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dc.contributor.advisorReid, Gavin C.
dc.contributor.authorSearle, Nicola C.
dc.coverage.spatial327en_US
dc.date.accessioned2010-12-13T11:31:04Z
dc.date.available2010-12-13T11:31:04Z
dc.date.issued2010-11
dc.identifieruk.bl.ethos.552501 
dc.identifier.urihttp://hdl.handle.net/10023/1632
dc.description.abstractThis thesis reports on the economic analysis of trade secrets via data collected from prosecutions under the U.S. Economic Espionage Act (EEA.) Ratified in 1996, the EEA increases protection for trade secrets by criminalizing the theft of trade secrets. The empirical basis of the thesis is a unique database constructed using EEA prosecutions from 1996 to 2008. A critical and empirical analysis of these cases provides insight into the use of trade secrets. The increase in the criminal culpability of trade secret theft has important impacts on the use of trade secrets and the incentives for would-be thieves. A statistical analysis of the EEA data suggest that trade secrets are used primarily in manufacturing and construction. A cluster analysis suggests three broad categories of EEA cases based on the type of trade secret and the sector of the owner. A series of illustrative case studies demonstrates these clusters. A critical analysis of the damages valuations methods in trade secrets cases demonstrates the highly variable estimates of trade secrets. Given the criminal context of EEA cases, these valuation methods play an important role in sentencing and affect the incentives of the owners of trade secrets. The analysis of the lognormal distribution of the observed values is furthered by a statistical analysis of the EEA valuations, which suggests that the methods can result in very different estimates for the same trade secret. A regression analysis examines the determinants of trade secret intensity at the firm level. This econometric analysis suggests that trade secret intensity is negatively related to firm size. Collectively, this thesis presents an empirical analysis of trade secrets.en_US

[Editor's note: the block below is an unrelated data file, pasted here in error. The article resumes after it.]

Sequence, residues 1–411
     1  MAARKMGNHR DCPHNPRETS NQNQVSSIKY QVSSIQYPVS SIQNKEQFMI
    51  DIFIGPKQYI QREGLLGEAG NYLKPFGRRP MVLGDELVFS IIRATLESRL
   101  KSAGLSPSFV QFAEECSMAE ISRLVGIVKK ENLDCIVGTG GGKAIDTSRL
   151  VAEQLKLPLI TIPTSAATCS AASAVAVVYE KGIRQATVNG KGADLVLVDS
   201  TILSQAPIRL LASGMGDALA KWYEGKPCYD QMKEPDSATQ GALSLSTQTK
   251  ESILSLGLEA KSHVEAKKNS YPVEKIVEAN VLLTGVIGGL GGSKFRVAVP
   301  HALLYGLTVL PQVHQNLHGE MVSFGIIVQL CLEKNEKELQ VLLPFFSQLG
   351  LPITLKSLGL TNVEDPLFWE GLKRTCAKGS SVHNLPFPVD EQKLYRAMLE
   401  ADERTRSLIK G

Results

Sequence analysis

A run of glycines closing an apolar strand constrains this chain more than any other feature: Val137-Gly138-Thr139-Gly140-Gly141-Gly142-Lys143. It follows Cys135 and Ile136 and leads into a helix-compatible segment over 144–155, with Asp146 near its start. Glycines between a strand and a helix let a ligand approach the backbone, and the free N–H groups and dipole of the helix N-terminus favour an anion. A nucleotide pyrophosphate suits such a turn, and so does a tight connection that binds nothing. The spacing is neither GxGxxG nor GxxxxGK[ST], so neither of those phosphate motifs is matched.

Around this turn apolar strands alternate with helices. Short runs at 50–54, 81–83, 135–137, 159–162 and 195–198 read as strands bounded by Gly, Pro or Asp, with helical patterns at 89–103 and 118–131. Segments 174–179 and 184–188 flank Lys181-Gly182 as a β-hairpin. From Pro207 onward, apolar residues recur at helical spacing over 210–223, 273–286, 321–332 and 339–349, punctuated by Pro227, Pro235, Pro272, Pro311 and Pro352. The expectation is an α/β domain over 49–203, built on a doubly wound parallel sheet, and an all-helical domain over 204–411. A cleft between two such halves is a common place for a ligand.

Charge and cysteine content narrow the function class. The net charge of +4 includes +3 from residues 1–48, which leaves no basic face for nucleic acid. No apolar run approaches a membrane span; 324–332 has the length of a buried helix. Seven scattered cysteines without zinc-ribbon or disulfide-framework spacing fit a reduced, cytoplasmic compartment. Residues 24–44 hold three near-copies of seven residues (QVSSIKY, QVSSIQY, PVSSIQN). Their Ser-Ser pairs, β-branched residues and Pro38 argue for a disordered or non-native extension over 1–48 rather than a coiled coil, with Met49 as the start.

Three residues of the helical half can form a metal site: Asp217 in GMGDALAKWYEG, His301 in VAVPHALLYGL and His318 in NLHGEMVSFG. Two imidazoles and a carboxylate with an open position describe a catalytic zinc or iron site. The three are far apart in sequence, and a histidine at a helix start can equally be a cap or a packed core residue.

dc.language.isoenen_US
dc.publisherUniversity of St Andrews
dc.rightsCreative Commons Attribution-NonCommercial-NoDerivs 3.0 Unported
dc.rights.urihttp://creativecommons.org/licenses/by-nc-nd/3.0/
dc.subjectEconomic Espionage Acten_US
dc.subjectEEAen_US
dc.subjectTrade secretsen_US
dc.subjectIntellectual propertyen_US
dc.subjectTrade secrecyen_US
dc.subjectCriminal lawen_US
dc.subjectTheften_US
dc.subjectDamagesen_US
dc.subject.lccHD38.7S4
dc.subject.lcshTrade secrets--United Statesen_US
dc.subject.lcshTrade secrets--Statisticsen_US
dc.subject.lcshIntellectual property--United Statesen_US
dc.subject.lcshUnited States. Economic Espionage Act of 1996en_US
dc.titleThe economics of trade secrets : evidence from the Economic Espionage Acten_US
dc.typeThesisen_US
dc.contributor.sponsorCentre for Research into Industry, Enterprise, Finance and the Firm (CRIEFF)en_US
dc.contributor.sponsorHorowitz Foundation for Social Policyen_US
dc.contributor.sponsorRussell Trusten_US
dc.type.qualificationlevelDoctoralen_US
dc.type.qualificationnamePhD Doctor of Philosophyen_US
dc.publisher.institutionThe University of St Andrewsen_US


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Creative Commons Attribution-NonCommercial-NoDerivs 3.0 Unported
Except where otherwise noted within the work, this item's license for re-use is described as Creative Commons Attribution-NonCommercial-NoDerivs 3.0 Unported